6. Josh Hamilton, July 14, 2008
Josh Hamilton made no secret of the fact that he entered the 2008 Home Run Derby trying to do something no one had ever done: hit a fair ball out of Yankee Stadium. He had to settle for doing something else no one had ever done: authoring a Home Run Derby performance that would never be forgotten. Hamilton came pretty close to his first goal, too, routinely depositing balls in the far reaches of the upper deck or in -- and sometimes, off -- the back of the rightfield bleachers at the House That Ruth Built. All told, Hamilton hit a record 28 home runs in the first round, some (
5. Reggie Jackson, July 13, 1971
4. Albert Pujols, Oct. 17, 2005
It's likely that most people will forget, if they haven't already, that the St. Louis Cardinals lost the 2005 National League Championship Series to the Houston Astros. What will never be forgotten, though, is the titanic home run struck by Albert Pujols that temporarily kept the Cardinals alive. With two out and two on in Game 5 and Houston holding a 4-2 lead, Brad Lidge threw a fastball that he hoped would result in a pennant-clinching out. Instead, Pujols crushed the ball almost out of Minute Maid Park entirely. The blast gave St. Louis a 5-4 lead it would preserve and Pujols an iconic moment in a Hall of Fame career.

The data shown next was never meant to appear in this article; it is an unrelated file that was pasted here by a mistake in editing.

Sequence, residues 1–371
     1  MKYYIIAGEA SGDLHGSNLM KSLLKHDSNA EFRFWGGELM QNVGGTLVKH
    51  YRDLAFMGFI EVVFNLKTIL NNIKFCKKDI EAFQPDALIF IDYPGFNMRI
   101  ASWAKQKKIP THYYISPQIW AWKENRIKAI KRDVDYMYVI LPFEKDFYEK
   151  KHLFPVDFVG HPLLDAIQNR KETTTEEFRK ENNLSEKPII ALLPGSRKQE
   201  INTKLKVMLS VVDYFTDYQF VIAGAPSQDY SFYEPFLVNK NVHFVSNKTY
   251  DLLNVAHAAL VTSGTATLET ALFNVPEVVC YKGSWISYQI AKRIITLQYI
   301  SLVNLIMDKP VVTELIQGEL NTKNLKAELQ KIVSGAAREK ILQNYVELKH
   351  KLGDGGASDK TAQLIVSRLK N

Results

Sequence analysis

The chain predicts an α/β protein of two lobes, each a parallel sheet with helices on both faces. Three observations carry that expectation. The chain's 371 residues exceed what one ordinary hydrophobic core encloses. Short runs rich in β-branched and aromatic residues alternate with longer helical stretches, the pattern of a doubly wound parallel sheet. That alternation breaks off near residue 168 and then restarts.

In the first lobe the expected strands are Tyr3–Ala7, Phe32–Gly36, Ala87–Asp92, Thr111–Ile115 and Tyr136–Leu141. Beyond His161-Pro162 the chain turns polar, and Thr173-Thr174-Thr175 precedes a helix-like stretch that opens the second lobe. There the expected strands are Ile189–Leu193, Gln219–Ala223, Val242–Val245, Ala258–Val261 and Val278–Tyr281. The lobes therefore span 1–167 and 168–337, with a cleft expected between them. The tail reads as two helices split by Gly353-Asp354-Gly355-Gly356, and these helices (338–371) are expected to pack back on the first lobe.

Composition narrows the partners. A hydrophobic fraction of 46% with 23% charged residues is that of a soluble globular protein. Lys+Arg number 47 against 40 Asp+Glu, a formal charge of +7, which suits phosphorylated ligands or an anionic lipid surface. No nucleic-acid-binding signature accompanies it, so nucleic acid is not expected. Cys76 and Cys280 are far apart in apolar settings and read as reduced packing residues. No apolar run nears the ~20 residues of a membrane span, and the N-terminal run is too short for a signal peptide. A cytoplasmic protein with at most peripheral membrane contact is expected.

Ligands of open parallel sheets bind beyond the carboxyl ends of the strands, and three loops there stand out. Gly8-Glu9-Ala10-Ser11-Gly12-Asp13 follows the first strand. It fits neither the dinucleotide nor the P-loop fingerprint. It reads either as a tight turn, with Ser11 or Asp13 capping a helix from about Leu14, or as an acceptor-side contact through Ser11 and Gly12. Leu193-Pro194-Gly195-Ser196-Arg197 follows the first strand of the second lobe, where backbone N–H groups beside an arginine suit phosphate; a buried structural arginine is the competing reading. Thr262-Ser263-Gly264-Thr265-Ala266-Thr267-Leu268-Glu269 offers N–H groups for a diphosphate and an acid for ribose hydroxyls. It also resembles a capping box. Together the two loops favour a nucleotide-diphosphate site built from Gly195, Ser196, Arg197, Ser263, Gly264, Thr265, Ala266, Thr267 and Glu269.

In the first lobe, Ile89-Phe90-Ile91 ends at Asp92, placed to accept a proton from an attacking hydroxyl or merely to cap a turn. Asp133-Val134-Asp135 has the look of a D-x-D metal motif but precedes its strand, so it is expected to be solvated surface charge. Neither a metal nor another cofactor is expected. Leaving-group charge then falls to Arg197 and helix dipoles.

3. Ted Williams, June 9, 1946
Ted Williams' most famous home run was his last, No. 521, hit in his final at-bat in the majors at Fenway Park in 1960. His most impressive, though, may have been one he hit 14 years earlier that earned both a name and a uique and permanent place in America's oldest ballpark. Williams teed off on the Tigers' Fred Hutchinson and launched the ball into the rightfield bleachers where it struck a fan named Joseph A. Boucher in Seat 21, Row 37, Section 42. It's official distance is 502 feet, though later estimates have it going about 25 feet farther. The seat Boucher was sitting in has since been painted red to memorialize the longest home run in the 101-year history of Fenway. As for Boucher,
2. Babe Ruth, October 1, 1932
Almost 80 years after he last played and 65 years after his death, Babe Ruth remains immortalized thanks mostly to his legendary home runs that changed -- and maybe even saved -- the sport. Of Ruth's 714 regular season and 15 World Series homers, none is as famous or as controversial as the second one he hit during Game 3 of the 1932 World Series. With the game tied 4-4 and the Cubs' Charlie Root on the mound in the fifth inning, Ruth is said to have stepped out of the batter's box and, in his words, "I said I'm gonna hit the next pitched ball right past the flagpole." Ruth did just that, hitting what would be remembered for yeas as the longest home run in Wrigley Field history. No one will ever know for sure whether Ruth's Called Shot is more fact than fiction. What is certain is that, much like Ruth himself, it will live on for as long as the game is played.
1. Mickey Mantle, May 22, 1963 and April 17, 1953
Mickey Mantle literally invented the tape-measure home run with his historic homer against the Washington Senators at Griffith Stadium in 1953, when the 21-year-old Commerce Comet